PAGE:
An NPR article on November 15, 2012 offers information and resources to help parents and child custody lawyers assisting parents understand exactly how children affected by autism and related syndromes process (or fail to process) information and the world around them. First the author describes "normal:"
You walk into a room. There are people there, cars outside, dogs, phones ring, the radio is on, somebody coughs; it's the pleasant blur of a busy world, until something, someone catches your attention. Then you lean in, the other sounds fade back, and you focus. That's how listening works — for most of us.
Then the author shows in a most effective manner, how an autistic child might process what is happening in that room differently, and experiencing sensory overload, feel "mugged by sound." This condition is very familiar to people with Asperger's syndrome as well.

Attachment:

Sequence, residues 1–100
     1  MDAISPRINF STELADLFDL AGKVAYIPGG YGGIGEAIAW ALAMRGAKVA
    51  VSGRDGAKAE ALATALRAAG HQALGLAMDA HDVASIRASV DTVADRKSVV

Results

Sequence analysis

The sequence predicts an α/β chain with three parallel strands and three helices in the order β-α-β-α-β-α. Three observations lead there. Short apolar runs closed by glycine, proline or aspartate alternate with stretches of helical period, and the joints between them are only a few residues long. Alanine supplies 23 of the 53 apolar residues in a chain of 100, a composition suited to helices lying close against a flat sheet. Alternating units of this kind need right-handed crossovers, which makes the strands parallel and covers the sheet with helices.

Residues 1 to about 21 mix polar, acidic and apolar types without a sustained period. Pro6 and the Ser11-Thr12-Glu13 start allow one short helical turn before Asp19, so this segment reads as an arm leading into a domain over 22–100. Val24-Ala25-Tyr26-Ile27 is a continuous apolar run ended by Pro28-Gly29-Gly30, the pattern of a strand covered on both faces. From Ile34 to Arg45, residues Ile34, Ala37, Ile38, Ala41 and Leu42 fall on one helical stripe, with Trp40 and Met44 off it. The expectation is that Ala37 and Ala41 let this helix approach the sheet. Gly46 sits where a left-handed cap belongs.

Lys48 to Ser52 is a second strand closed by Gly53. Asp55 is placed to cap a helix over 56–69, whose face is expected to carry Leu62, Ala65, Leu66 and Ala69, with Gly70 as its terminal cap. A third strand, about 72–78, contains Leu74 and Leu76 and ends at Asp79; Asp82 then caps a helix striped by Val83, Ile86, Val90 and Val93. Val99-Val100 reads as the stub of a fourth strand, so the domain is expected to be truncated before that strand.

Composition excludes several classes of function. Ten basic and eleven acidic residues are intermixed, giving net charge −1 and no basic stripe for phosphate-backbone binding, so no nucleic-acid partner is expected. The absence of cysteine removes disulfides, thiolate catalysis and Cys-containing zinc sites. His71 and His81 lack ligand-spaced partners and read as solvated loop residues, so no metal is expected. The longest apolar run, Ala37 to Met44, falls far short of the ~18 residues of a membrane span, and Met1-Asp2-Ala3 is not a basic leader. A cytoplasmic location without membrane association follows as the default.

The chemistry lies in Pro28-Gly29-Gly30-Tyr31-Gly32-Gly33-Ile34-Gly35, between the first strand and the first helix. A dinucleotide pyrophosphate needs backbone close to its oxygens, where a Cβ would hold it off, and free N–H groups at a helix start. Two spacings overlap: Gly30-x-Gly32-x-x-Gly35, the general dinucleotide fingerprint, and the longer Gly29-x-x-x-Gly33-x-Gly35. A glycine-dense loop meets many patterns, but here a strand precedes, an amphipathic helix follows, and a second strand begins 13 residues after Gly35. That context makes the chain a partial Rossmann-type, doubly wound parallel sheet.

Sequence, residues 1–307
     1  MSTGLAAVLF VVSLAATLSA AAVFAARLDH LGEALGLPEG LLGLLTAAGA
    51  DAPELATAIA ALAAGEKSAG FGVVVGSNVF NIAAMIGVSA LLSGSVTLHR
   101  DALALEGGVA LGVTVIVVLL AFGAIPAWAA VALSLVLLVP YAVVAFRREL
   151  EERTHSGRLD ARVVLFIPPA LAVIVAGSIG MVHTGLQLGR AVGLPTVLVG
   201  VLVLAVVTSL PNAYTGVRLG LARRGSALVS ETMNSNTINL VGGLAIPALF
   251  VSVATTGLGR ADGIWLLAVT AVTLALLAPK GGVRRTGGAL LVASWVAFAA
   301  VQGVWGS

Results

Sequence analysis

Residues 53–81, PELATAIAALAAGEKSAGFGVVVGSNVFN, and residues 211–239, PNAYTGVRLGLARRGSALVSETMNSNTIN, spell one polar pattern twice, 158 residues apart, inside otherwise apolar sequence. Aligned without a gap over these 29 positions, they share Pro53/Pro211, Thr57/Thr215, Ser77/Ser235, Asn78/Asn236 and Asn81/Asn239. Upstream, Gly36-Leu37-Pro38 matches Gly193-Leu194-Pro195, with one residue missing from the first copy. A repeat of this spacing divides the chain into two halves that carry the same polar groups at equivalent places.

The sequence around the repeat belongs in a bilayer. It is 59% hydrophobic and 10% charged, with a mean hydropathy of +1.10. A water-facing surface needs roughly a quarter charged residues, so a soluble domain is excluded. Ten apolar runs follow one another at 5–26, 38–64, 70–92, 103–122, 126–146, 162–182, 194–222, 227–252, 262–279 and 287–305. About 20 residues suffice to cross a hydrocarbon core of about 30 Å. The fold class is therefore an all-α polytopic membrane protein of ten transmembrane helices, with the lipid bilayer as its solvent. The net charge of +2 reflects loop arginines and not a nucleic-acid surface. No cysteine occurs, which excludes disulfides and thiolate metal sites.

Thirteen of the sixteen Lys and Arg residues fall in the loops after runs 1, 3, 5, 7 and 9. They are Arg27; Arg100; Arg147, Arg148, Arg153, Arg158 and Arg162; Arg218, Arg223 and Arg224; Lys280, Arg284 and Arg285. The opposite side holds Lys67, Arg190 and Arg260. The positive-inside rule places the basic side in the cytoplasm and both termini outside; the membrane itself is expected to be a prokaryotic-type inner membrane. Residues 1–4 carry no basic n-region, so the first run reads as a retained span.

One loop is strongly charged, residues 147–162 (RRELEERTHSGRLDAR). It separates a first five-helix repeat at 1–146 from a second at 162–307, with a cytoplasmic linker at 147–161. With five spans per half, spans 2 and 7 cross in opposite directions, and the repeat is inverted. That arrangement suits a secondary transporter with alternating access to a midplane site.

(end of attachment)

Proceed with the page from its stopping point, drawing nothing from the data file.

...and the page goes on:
See also the Interacting With Autism Project — a government-sponsored effort to build an interactive, video-intensive website to focus on the best available treatments for autism.
Read the entire article here: Krulwich, R., (2012, November 15). Mugged By Sound, Rescued By A Waitress, National Public Radio, [Accessed November 18, 2012]